"Back in 2006, I wrote that the Free Software community
and disabled users must learn to communicate and invited Free
Software developers to do their part. Last week I interviewed Tony
Baechler, an active member of the Blinux mailing list, to check how
things are going in 2010, and to know more about a very interesting
project for Linux vision-impaired users he's trying to launch.
"Stop: Tony, how are you using Linux?
"Tony: I primarily use Linux in a server environment, but as
time goes on, I'm using it for more routine tasks. I almost always
use the shell as a matter of choice. I still use Windows for many
things like email. I prefer Debian but I've also looked at Ubuntu,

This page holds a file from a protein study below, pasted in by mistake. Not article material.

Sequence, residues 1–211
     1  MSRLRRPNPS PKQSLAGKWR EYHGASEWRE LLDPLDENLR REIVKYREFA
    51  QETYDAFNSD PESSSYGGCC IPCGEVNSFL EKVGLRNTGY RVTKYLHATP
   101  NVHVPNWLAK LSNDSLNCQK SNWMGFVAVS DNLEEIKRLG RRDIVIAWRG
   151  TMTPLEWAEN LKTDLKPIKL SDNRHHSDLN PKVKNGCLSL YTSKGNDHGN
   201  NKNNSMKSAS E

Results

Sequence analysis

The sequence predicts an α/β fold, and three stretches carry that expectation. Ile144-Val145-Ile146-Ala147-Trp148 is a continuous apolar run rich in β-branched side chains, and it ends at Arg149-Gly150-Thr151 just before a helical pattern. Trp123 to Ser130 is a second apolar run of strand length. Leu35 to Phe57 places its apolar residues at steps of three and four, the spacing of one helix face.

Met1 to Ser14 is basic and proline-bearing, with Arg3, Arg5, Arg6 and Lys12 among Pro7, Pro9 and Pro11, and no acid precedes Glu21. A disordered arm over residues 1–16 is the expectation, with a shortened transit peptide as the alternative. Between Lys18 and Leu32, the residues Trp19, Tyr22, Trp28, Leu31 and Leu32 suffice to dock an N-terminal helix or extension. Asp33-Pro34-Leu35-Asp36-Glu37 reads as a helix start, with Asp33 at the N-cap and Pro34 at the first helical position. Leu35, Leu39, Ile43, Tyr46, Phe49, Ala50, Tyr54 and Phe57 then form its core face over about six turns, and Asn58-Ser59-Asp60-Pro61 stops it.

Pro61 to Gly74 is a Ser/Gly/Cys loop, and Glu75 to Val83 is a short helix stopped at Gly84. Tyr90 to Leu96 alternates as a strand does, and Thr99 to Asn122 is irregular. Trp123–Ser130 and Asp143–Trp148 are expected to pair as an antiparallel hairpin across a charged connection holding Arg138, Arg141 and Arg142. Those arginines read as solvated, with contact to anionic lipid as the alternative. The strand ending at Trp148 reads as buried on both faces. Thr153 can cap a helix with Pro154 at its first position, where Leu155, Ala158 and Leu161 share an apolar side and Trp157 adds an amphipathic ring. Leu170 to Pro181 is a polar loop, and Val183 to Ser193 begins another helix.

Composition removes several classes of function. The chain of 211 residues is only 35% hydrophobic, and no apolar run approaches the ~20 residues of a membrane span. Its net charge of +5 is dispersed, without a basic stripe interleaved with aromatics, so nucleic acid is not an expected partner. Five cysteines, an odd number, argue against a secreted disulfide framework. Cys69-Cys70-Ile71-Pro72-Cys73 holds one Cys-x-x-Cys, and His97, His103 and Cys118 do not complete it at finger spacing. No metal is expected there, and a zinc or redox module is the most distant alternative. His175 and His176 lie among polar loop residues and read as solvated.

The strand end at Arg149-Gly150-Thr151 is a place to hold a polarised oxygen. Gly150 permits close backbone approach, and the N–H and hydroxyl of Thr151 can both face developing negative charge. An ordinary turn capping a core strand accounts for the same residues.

Slackware and FreeBSD.
"Stop: What are the Linux features you personally like the
"Tony: Of course the cost and the fact that it's so much more
stable and faster than Windows. I don't have to plan on a daily
reboot! Another thing that drew me to Linux was the Speakup screen
reader. For the first time ever, Speakup allowed me to hear every
message on the console from boot to shutdown. That's impossible
with Windows because of its proprietary nature. If Windows is
having a bad day, your screen reader won't load and you have no
idea what's going on. In Linux, Speakup even reads kernel panics,
so I know exactly what went wrong. To me, that's real power!"